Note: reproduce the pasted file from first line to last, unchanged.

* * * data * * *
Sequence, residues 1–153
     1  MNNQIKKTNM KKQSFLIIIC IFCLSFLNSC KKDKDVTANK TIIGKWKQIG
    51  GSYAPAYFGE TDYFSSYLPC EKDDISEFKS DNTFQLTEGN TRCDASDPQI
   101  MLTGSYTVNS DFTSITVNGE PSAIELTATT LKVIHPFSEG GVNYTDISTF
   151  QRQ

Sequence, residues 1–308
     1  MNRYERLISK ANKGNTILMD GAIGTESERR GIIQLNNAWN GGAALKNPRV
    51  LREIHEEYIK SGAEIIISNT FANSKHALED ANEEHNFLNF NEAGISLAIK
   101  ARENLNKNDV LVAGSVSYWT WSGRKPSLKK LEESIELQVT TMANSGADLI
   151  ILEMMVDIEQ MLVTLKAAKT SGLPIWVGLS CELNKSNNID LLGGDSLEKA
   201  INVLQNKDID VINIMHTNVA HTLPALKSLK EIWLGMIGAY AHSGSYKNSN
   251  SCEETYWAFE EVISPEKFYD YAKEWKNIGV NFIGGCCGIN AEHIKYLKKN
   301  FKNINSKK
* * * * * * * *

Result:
Sequence, residues 1–153
     1  MNNQIKKTNM KKQSFLIIIC IFCLSFLNSC KKDKDVTANK TIIGKWKQIG
    51  GSYAPAYFGE TDYFSSYLPC EKDDISEFKS DNTFQLTEGN TRCDASDPQI
   101  MLTGSYTVNS DFTSITVNGE PSAIELTATT LKVIHPFSEG GVNYTDISTF
   151  QRQ

Sequence, residues 1–308
     1  MNRYERLISK ANKGNTILMD GAIGTESERR GIIQLNNAWN GGAALKNPRV
    51  LREIHEEYIK SGAEIIISNT FANSKHALED ANEEHNFLNF NEAGISLAIK
   101  ARENLNKNDV LVAGSVSYWT WSGRKPSLKK LEESIELQVT TMANSGADLI
   151  ILEMMVDIEQ MLVTLKAAKT SGLPIWVGLS CELNKSNNID LLGGDSLEKA
   201  INVLQNKDID VINIMHTNVA HTLPALKSLK EIWLGMIGAY AHSGSYKNSN
   251  SCEETYWAFE EVISPEKFYD YAKEWKNIGV NFIGGCCGIN AEHIKYLKKN
   301  FKNINSKK